10 July 2016


10 October 2013

I'm deep in the belly when the catastrophe starts.  I've already started
dissecting the descending colon off the grossly enlarged and inflamed left
kidney when suddenly I can't see anything.  The man's stomach comes popping out
of the abdominal wound and his abs tense up so that all the rest of the
intestines and the enlarged spleen block off any view I used to have of the
diseased kidney.  The man is retching and dry heaving.

"Can't see or do anything here, can't you give him something?" I shout at
Patrice, our nurse doing anesthesia.  Thus starts a long, labored process of me
trying to hold in guts on one end while trying to verbally direct anesthesia on
the other.  Finally, I have to break scrub and tend to the man as his oxygen
saturation has plummeted.

His jaw is rigid and his whole body tense and he's refusing to breathe.  This is
why Ketamine isn't used often in the developed world.  Alcoholics just don't do
well on it.  We're pounding him with Valium, Thorazine, Promethazine, Ketamine,
trying to get his body to relax so he'll take a breath.  But now he has vomit
spilling out of his oral airway and nose.

"Suction!" I scream as I try in vain to tilt his head back and open his mouth
against his strong muscular contractions.  Finally, I get a suction tip into his
mouth and aspirate the yellow, bilious liquid out.  I can barely get in a
laryngoscope but fortunately it's enough as I see the vocal cords wide open.  I
slip in an ET tube and start bagging.  His sats finally come up to decent, but
not ideal as yellow froth bubbles up in the tube.  I suction out the tube  and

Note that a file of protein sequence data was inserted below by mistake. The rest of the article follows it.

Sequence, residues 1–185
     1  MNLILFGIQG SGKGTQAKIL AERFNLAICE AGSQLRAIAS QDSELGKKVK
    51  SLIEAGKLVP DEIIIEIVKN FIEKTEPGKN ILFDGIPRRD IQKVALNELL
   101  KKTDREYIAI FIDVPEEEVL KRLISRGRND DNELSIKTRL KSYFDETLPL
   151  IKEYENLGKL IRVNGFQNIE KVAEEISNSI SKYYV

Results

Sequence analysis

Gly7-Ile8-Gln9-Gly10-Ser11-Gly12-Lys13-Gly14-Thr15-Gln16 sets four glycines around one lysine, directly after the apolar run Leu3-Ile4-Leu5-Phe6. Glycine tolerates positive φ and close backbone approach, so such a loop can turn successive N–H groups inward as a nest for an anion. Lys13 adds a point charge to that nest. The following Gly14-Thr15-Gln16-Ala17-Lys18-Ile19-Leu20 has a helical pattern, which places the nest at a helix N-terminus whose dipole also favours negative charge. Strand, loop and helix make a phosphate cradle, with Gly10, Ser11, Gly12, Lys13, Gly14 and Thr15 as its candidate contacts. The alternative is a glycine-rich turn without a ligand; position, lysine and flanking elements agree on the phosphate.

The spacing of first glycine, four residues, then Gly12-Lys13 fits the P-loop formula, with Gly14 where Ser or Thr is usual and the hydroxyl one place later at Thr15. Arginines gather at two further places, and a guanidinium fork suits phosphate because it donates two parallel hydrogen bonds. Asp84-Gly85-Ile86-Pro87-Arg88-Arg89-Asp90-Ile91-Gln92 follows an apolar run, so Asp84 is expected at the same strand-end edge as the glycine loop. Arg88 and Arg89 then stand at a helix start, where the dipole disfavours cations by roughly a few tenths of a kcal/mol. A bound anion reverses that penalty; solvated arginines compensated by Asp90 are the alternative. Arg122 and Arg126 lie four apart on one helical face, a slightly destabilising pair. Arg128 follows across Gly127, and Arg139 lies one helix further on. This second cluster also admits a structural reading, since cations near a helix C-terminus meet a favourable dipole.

lungs but it keeps coming.  He's aspirated and this is not good.

And I still have an open belly and most of a difficult surgery ahead of me.  I
scrub back in.  The abdomen is still rigid.  Finally, after 5 doses of Valium,
one each of Thorazine and Promethazine and two bottles of Ketamine, things are
relaxed enough to operate but his sats are still not good and I'm afraid he'll
die on the table.  There is lots of oozing in the operating field so I decide
that careful dissection just won't do in this situation.  I reach in my hand and
peel off the kidney all around it's lateral and posterior aspects and pop it up
into the wound.  I pack the kidney bed and put three clamps across the pedicle
where I know the major vessels and ureter are.  I cut out the kidney and toss it
onto the mayo stand.  I stick tie the pedicles, irrigate the abdomen, place a
drain and close up.

As I scrub out to check on the anesthesia part, the man is now completely
relaxed and his sats are normal.  He has a bag of blood running and has used up
over 10L of Ringer's Lactate. We wait about 30 minutes until he starts to make
some movements with his mouth.  I take out the NG tube and then extubate him.
He does fairly well on just oxygen so we take him out to post-op recovery.

There, the woman with the thyroid mass who is intubated now needs the oxygen so
we are forced to switch back and forth between the two patients since we have
only one oxygen concentrator.  When one patient's sats go down we give them
oxygen for a few minutes until it comes up and by then the other's sats are
dropping so we switch.

The next day, Roger comes to see me about a patient who has an intestinal
obstruction that was hospitalized yesterday.  The man is gaunt with a swollen,
air filled tender belly.  I go see Juliette who hospitalized him with Malaria
and constipation yesterday.   He hasn't had a stool or gas in 10 days.  When I
ask her why she didn't tell me about this patient she says it is because I was
so busy with the complicated case yesterday and then she forgot to tell me

They have no money and are obviously poor so we just take him to the OR bloc
even though he hasn't paid. When I open the peritoneum, gas and a foul odor
escapes.  THere is over 3 liters of putrid pus in the abdomen.  His cecum is
necrotic with a hole oozing brown, gritty stool.  The appendix is normal.  I
dissect out the cecum, ascending colon and terminal ileum and remove them.  I
then reattach the ileum to the rest of the ascending colon, wash out the abdomen
with liters and liters of tap water, place three drains and close up.

Fortunately, his anesthesia went without any catastrophes.

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